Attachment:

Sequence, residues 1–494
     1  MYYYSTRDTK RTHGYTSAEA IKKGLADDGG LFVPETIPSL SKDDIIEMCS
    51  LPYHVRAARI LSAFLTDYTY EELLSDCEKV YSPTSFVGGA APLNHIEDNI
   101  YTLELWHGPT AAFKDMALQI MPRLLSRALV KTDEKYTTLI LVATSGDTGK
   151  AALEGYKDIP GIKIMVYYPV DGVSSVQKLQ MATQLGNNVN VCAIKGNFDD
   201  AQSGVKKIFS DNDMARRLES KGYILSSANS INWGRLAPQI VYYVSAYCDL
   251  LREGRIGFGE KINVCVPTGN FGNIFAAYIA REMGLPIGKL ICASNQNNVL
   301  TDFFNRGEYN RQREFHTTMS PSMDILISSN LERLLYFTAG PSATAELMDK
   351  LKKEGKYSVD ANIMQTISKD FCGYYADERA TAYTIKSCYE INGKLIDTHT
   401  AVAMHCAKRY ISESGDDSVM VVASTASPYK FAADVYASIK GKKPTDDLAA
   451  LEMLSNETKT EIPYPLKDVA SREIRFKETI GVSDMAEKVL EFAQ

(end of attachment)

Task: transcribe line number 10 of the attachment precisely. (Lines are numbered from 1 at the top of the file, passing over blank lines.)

   401  AVAMHCAKRY ISESGDDSVM VVASTASPYK FAADVYASIK GKKPTDDLAA